Commonwealth v. O.J.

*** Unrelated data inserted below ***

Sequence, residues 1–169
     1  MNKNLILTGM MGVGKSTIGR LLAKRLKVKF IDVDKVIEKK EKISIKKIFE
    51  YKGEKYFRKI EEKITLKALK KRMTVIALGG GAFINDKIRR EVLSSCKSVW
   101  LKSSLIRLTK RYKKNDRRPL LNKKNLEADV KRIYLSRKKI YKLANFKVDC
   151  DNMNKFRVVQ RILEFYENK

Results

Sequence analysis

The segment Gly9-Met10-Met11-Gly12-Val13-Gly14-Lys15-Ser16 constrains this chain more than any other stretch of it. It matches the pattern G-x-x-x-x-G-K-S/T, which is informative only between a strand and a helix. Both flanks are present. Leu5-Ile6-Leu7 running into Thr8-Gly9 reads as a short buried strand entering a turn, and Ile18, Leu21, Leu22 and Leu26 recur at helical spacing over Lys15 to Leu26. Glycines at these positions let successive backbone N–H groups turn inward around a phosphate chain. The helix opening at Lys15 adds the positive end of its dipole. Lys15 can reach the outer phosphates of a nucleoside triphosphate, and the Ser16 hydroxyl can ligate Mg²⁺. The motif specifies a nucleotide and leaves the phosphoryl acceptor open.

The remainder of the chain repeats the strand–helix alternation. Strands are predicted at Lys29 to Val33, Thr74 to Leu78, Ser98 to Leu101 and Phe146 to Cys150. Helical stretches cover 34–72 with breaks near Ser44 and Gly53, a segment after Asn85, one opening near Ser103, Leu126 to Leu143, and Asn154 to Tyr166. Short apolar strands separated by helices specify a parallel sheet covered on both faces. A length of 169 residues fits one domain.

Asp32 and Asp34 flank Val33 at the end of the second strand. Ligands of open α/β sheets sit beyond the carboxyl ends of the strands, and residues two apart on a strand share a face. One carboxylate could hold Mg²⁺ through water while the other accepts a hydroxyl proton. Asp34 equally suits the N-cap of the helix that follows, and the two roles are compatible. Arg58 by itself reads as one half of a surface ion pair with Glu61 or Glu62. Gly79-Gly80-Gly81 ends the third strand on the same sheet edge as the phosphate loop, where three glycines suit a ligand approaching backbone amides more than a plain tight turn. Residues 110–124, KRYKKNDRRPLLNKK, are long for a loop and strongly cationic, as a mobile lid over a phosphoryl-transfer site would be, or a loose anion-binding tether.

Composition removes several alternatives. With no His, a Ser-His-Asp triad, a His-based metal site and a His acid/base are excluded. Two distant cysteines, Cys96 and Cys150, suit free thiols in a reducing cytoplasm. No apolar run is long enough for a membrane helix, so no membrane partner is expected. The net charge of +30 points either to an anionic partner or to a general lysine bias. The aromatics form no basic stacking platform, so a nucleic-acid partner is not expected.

Three officers were patrolling in an unmarked car in Germantown when they allegedly observed O.J. standing with a group of five other males on a corner while not wearing masks in violation of city ordinance. Officers claimed they saw a bulge in O.J.’s pocket that looked like a firearm and they knew him to be a gang member with prior convictions that make him ineligible to possess a gun. The officers claimed that when they got out of the car to approach the males, O.J. fled without provocation and during a foot pursuit, police recovered a gun they said he discarded. The defense filed a motion to suppress evidence the gun on the basis that O.J. was subject to an unconstitutional stop and that the discarding of the gun was “forced abandonment.” The defense argument was based on the credibility of the officers. At the motion hearing, the judge was incredulous when on cross examination the officer claimed to have gotten out of his car, went up to a known gang member with a gun, and simply asked “if he was ok” rather than telling him to stop or drawing his weapon on him. The defense argued the officer testified in this way so that the DA could argue that there was no “stop” of O.J. and that it was a “mere encounter” instead where the police would not need to have reasonable suspicion our probable cause a crime was being committed thus allowing them to pursue O.J. when he allegedly fled. In addition, the defense had the officers bring the recovered gun into the courtroom along with the jacked O.J. was wearing to show that there was no way possible for the officers to have in fact seen a “bulge” that looked like a gun. The judge granted the defense motion to suppress, finding the officers lacked credibility. The DA was forced to withdraw all charges against O.J.